A deputy headteacher at a primary school has admitted watching videos of child sexual abuse on the dark web.
Richard Swinnerton, 30, spent two years hiding his identity to view the abuse of minors on the internet before he was caught.
Swinnerton was arrested by officers from the National Crime Agency (NCA) at his home in May following an investigation.
He admitted his offences and later resigned from his job at St Clare’s Catholic Primary School in Acklam, Middlesborough.
The paedophile, from Coulby Newham, appeared at Teesside Magistrates’ Court on Monday and admitted three counts of possession of illegal images of children relating to category A (the most severe), category B and category C.
The court heard when officers arrested him they seized his laptop which contained 87 Category A videos of child abuse.
He will be sentenced at Teesside Crown Court at a later date.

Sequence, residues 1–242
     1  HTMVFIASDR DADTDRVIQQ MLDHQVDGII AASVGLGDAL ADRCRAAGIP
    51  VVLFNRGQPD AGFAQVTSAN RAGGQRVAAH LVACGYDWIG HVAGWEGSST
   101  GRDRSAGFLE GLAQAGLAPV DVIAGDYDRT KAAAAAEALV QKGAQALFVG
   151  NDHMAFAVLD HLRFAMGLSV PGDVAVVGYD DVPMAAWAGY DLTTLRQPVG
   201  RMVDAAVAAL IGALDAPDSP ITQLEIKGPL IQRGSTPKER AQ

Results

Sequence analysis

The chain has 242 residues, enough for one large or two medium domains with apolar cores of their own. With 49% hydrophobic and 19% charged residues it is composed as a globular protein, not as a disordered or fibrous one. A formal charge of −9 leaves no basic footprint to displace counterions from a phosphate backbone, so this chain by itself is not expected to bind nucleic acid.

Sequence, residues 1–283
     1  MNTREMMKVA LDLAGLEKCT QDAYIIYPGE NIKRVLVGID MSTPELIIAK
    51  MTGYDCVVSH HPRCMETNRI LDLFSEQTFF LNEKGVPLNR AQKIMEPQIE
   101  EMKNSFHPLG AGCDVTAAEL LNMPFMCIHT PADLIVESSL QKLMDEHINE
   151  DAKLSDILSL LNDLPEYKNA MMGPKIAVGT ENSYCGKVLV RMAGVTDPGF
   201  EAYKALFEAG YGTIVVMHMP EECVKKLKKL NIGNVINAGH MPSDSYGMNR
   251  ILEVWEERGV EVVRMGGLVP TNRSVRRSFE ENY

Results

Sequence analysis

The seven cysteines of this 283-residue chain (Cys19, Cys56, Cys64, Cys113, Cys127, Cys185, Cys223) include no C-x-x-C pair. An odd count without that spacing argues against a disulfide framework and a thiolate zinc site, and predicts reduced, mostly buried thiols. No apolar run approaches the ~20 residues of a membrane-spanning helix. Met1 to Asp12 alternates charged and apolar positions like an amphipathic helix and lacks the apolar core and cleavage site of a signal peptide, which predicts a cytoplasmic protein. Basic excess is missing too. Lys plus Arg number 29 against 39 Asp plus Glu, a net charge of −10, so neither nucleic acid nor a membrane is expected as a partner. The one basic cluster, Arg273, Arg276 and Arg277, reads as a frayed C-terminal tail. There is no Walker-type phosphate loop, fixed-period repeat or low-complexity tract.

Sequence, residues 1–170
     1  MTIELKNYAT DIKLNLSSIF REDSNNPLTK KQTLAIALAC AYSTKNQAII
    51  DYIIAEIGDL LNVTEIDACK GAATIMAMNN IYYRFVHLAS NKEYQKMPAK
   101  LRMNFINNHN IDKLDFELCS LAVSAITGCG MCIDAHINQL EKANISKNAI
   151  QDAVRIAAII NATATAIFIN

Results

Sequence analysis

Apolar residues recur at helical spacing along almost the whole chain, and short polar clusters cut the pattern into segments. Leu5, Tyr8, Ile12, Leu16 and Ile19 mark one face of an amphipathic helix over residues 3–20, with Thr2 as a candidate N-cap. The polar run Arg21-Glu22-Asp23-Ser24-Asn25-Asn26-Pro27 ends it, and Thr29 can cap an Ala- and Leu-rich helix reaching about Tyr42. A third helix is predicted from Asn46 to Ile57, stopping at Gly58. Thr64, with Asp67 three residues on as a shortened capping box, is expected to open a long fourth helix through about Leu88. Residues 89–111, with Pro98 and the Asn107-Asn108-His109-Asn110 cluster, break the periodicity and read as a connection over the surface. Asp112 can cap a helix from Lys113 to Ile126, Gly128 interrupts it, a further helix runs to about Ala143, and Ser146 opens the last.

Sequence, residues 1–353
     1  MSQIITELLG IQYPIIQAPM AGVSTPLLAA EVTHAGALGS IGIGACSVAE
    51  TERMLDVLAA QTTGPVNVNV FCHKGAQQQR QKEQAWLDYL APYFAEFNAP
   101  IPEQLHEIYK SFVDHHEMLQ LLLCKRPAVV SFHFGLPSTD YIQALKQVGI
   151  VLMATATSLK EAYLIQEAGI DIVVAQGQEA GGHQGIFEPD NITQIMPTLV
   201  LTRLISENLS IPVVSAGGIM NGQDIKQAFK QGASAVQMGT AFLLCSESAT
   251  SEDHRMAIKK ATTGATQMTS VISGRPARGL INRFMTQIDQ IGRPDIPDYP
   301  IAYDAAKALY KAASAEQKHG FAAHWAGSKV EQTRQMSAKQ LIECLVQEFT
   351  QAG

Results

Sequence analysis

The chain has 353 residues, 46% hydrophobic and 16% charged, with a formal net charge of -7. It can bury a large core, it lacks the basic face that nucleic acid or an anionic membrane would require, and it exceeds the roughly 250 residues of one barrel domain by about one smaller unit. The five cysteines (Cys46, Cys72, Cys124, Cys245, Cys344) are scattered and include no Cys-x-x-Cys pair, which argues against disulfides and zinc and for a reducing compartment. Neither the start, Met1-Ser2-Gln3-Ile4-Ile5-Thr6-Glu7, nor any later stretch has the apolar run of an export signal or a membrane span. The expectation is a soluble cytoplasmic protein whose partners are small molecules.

Speaking after Swinnerton’s guilty pleas, the NCA said he used software to make himself anonymous on the dark web.
Police found no evidence to suggest that any of the images were made at the school and there was no allegation of physical abuse.
NCA operations manager Julie Booker said: “Swinnerton had gone to considerable lengths... to commit his offences and thought he was anonymous on the dark web.
“Offenders who view child sexual abuse are contributing to ever more children being abused and condemning them to years of extreme trauma and suffering.
“Every child in an abuse image is re-victimised when the photograph is viewed or shared.
“Protecting children from sexual abuse and stopping paedophiles is a top priority for the NCA.”
After the hearing, a St Clare’s school spokesperson said: “This has been an upsetting matter for parents, carers, staff and the wider St Clare’s community.
“We are grateful for the support we have received from them and we continue to assure them that the wellbeing and safety of children of St Clare’s remains our priority at all times.
“It is also important to reiterate that this former employee’s offences were not in connection with his employment at the school.”
St Clare's headteacher Elizabeth Eddies told Teesside Live in July: "I wish to assure all parents that the wellbeing and safety of children at St Clare's remains of paramount importance.
"These charges do not relate to his employment at the school.”